Nano- and Microscale Material and Reactor Engineering for Electrochemical Energy Storage 

2:00pm - 3:00pm

Renewable electricity, coupled with electrochemical energy storage, is a pathway to alleviate our dependence on fossil fuel and enable carbon neutrality. Unfortunately, the cost of storing electricity is still higher than generating electricity. In addition to cost, the current version of lithium-ion batteries is unlikely to meet the requirements of all existing and future applications with different energy-to-power ratios and safety sensitivities. Since 2017, our lab at Georgia Tech has been working on several rechargeable battery technologies that have unique advantages over lithium-ion as well as their own challenges. Targeting those challenges, we designed, fabricated and analyzed new materials and reactors with enhanced reaction and transport properties at the nano- and microscale. 

For example, metallic zinc as a rechargeable anode material for aqueous batteries has gained tremendous attention with merits of intrinsic safety, low cost, and high theoretical volumetric capacity (5,854 mAh/cm3). Among zinc-based batteries, Zn-air batteries are promising with the highest theoretical volumetric energy density (4,931 Wh/L). Rechargeable zinc anode has recently achieved progress in neutral electrolytes, yet developed slowly in alkaline electrolytes, which are kinetically favorable for air cathodes. Passivation, dissolution, and hydrogen evolution are three main reasons for irreversibility of zinc anodes in alkaline electrolytes, which limits the rechargeability and usable energy density. We carried out material engineering at the nanoscale to overcome these three challenges of zinc anode. We have also used gas chromatography quantitative analysis and operando microscopy to quantify gas evolution side reaction and visualize the reaction on electrodes during operation, respectively. In this talk, I will present our findings on zinc-based batteries, as well as solid-state batteries and redox flow batteries, which could potentially expand the portfolio of electrochemical energy storage technologies for sustainable energy.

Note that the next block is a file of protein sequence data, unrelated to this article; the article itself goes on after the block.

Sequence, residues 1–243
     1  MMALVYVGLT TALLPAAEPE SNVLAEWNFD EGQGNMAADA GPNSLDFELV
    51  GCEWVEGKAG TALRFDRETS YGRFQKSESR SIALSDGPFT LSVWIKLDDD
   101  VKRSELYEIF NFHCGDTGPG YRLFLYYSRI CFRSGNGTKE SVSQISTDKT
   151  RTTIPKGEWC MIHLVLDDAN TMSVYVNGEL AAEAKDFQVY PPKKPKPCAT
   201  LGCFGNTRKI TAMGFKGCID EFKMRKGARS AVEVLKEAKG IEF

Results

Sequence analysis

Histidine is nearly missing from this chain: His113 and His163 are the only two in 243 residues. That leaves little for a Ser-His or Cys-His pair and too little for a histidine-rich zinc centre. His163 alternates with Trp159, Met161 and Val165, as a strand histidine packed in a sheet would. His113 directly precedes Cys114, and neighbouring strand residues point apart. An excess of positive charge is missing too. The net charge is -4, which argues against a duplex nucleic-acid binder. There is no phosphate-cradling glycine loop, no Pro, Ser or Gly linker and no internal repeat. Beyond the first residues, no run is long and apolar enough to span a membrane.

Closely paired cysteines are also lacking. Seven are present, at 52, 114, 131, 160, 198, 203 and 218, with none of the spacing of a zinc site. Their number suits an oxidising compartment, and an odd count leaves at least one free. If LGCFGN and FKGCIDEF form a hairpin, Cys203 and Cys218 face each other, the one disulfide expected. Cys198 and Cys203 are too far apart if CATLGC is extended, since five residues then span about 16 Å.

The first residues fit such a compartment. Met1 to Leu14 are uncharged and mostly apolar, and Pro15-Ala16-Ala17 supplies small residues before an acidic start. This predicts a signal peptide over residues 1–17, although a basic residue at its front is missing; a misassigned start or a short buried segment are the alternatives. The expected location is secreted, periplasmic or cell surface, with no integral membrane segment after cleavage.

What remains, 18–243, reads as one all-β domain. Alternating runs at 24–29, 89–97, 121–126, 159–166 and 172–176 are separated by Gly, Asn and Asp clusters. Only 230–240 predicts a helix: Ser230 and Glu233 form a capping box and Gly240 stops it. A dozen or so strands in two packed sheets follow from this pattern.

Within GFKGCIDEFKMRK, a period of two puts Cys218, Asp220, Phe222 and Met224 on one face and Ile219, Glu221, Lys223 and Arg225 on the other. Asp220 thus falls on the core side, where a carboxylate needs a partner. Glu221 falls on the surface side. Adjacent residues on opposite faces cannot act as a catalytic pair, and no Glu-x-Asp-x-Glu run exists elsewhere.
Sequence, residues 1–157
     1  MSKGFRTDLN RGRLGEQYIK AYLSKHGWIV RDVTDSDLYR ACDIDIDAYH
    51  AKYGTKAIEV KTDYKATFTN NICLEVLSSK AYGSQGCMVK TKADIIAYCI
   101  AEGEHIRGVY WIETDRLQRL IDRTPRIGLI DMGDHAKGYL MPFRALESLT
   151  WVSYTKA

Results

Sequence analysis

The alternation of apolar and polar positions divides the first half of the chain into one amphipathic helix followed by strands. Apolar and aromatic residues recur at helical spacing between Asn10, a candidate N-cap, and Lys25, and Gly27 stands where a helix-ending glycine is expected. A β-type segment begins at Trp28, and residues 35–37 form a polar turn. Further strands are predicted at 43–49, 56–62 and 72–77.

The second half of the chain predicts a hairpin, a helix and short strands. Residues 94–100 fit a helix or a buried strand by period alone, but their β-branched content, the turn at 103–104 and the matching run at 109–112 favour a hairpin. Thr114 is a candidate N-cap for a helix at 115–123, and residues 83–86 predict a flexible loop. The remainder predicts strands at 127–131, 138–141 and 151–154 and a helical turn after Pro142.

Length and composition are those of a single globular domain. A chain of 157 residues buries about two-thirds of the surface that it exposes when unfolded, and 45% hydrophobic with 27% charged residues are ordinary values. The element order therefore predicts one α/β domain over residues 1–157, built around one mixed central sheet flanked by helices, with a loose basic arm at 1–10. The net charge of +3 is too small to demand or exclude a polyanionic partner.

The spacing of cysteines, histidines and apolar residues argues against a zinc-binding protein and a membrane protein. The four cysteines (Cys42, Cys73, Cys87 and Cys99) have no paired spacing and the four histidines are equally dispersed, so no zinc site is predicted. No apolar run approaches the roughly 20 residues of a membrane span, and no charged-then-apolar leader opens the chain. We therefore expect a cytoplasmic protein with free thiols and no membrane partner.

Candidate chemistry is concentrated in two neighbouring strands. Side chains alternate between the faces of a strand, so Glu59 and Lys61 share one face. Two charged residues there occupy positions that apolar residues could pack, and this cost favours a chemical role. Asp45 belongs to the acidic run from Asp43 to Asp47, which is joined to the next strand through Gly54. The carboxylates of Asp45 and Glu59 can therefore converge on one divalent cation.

講者/ 表演者:
Prof. Nian LIU

Nian Liu is an Assistant Professor at School of Chemical and Biomolecular Engineering at Georgia Tech. He received B.S. in 2009 from Fudan University, and Ph.D. in 2014 from Stanford University, where he worked on the structure design for Si anodes for high-energy Li-ion batteries. From 2014 to 2016, he worked at Stanford University as a postdoc, where he developed in situ optical microscopy to probe beam-sensitive battery reactions. Dr. Liu’s lab at Georgia Tech is broadly interested in the combination of materials, electrochemistry, and operando microscopy for studying the global energy challenges. Specifically, the Liu’s lab is focusing on electric vehicle battery and stationary battery science and technologies. His publications have been cited over 30,000 times, he is recognized as a Highly Cited Researcher by Clarivate™. He is the recipient of the Electrochemical Society (ECS) Daniel Cubicciotti Award (2014), American Chemical Society (ACS) Division of Inorganic Chemistry Young Investigator Award (2015), Chemistry of Materials Up-and-Coming Researcher (2017), Journal of Materials Chemistry A Emerging Investigator (2018), Jim Pope CREATE-X Faculty Fellow (2021), and Nanoscale Emerging Investigator (2022).

Department of Mechanical & Aerospace Engineering